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Dedicated homeless clinics reduce inappropriate emergency department utilization.

J Am Coll Emerg Physicians Open. 2020 Oct;1(5):829-836

Authors: Holmes CT, Holmes KA, MacDonald A, Lonergan FR, Hunt JJ, Shaikh S, Cheeti R, D'Etienne JP, Zenarosa NR, Wang H

Background: The homeless patient population is known to have a high occurrence of inappropriate emergency department (ED) utilization. The study hospital initiated a dedicated homeless clinic targeting patients experiencing homelessness with a combination of special features. We aim to determine whether this mode of care can reduce inappropriate ED utilization among homeless patients.
Methods: We conducted a retrospective observational study from July 1, 2017 to Dec 31, 2017. The study enrolled all homeless patients who visited any hospital regular clinic, dedicated homeless clinic, and ED at least once during the study period. ED homeless patients were divided into four groups (A: no clinic visits; B: those who only visited hospital regular clinic; C: those who only visited dedicated homeless clinic; and D: those who visited both hospital regular clinic and dedicated homeless clinic). The New York University algorithm was used to determine appropriate ED utilization. We compared inappropriate ED utilization among patients from these groups. Multivariate logistic regression was used to determine the risks of different clinical visits in association with inappropriate ED utilization.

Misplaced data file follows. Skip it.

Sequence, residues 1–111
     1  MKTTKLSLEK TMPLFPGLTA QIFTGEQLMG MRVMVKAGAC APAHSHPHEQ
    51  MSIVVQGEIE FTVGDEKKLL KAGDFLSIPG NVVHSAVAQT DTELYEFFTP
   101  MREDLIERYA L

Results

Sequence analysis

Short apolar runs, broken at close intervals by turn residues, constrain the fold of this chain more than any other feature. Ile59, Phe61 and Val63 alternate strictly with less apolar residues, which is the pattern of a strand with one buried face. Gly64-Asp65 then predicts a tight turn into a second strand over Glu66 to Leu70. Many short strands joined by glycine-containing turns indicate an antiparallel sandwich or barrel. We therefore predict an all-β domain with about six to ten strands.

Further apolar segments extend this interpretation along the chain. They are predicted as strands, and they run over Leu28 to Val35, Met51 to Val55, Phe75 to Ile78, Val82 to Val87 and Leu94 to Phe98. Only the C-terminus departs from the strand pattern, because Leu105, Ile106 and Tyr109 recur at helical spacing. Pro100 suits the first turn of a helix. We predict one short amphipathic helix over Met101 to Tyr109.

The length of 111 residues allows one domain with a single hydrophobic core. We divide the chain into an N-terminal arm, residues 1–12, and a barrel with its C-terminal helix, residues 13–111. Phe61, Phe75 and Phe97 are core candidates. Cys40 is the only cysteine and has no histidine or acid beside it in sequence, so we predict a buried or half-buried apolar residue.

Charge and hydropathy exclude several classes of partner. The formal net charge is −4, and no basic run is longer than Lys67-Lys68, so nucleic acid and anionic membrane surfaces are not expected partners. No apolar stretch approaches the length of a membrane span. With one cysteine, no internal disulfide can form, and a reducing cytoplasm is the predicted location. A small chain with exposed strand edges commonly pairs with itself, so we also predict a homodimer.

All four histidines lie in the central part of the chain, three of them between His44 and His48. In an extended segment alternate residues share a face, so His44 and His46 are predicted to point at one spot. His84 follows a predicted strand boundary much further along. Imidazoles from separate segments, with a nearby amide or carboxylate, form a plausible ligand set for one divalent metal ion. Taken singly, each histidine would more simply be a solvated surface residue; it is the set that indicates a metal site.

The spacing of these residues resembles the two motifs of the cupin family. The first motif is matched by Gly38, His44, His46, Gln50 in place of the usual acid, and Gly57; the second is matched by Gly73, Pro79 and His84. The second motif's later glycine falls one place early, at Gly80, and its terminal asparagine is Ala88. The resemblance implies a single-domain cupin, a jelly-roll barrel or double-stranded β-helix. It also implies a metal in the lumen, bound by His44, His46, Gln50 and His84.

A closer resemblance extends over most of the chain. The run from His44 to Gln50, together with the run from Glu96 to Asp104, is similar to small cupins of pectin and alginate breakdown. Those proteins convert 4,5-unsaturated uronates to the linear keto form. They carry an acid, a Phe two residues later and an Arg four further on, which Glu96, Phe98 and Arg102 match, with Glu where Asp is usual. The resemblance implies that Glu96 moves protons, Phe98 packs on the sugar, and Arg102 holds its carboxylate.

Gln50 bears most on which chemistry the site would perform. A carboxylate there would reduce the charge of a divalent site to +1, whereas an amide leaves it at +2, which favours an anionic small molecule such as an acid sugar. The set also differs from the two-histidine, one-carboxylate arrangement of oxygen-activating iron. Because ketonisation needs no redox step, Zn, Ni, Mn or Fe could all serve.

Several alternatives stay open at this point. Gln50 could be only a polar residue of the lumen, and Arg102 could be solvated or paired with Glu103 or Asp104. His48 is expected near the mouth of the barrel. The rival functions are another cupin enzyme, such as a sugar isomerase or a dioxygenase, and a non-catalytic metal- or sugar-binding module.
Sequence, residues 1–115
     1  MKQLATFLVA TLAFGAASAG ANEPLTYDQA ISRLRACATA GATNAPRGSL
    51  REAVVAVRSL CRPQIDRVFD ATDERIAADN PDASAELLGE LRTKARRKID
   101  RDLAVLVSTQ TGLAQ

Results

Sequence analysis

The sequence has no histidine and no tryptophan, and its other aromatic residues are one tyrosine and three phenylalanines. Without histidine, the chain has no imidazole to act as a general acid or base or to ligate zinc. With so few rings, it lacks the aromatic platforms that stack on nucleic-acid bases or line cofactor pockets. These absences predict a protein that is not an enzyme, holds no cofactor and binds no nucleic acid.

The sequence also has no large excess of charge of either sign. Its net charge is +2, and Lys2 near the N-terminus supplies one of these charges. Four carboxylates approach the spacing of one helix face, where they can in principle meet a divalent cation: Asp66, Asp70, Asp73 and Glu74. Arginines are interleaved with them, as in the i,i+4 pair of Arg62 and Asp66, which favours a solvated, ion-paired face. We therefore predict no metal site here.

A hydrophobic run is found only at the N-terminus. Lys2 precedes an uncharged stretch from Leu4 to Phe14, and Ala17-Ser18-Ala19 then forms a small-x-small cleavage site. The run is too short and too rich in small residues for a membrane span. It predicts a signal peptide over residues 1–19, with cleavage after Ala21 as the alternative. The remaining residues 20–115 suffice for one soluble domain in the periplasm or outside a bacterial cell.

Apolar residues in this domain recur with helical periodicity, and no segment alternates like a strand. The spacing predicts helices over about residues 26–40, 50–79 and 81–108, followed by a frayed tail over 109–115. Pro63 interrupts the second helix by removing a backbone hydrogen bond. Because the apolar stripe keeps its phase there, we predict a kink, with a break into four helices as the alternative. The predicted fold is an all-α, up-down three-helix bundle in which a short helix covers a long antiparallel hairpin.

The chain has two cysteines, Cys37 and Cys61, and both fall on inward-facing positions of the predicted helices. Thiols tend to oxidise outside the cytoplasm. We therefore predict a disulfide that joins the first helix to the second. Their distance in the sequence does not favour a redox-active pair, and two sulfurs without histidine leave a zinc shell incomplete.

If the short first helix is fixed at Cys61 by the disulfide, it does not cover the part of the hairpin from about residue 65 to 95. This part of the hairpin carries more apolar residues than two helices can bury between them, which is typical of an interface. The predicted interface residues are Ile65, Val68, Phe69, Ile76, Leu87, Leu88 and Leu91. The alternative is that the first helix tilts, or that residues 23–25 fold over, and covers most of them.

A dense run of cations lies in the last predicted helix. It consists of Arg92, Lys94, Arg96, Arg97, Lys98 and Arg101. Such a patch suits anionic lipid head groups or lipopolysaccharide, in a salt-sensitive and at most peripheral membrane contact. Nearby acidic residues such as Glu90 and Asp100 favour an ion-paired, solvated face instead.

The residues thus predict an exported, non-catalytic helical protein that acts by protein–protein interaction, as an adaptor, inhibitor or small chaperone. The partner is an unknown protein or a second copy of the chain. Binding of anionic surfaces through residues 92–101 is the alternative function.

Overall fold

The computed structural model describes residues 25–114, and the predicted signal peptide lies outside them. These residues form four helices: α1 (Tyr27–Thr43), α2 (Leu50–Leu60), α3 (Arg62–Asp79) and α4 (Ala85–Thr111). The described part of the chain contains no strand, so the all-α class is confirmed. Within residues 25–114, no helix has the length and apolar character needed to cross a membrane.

Results: A total of 16,323 clinic and 8511 ED visits occurred among 5022 unique homeless patients, in which 2450 unique patients were seen in hospital regular clinic, 784 patients in dedicated homeless clinic, 688 patients in both hospital regular clinic and dedicated homeless clinic, and 1110 patients with no clinic visits. Twenty-nine percent (230/784) of patients from dedicated homeless clinic utilized the ED, among which 21% (175/844) of their ED visits were considered inappropriate. In contrast, 40% of patients from hospital regular clinic utilized the ED, among which 29% were inappropriate (P < 0.001). The adjusted odds ratio (OR) was 0.61 (95% confidence interval [CI] = 0.50-0.74, P < 0.001) on dedicated homeless clinic predicting inappropriate ED visits in multivariate logistic regression.
Conclusion: Implementing a dedicated homeless clinic with these features can reduce ED inappropriate utilization among patients experiencing homelessness.

PMID: 33145527 [PubMed]

Lung Ultrasound for COVID-19 Evaluation in the Emergency Department: Is It Feasible?

Wed, 10/07/2020 - 01:05

Lung Ultrasound for COVID-19 Evaluation in the Emergency Department: Is It Feasible?

Ann Emerg Med. 2020 10;76(4):552-553

Authors: Wolfshohl J, Shedd A, Chou EH, d'Etienne JP

PMID: 33012385 [PubMed - in process]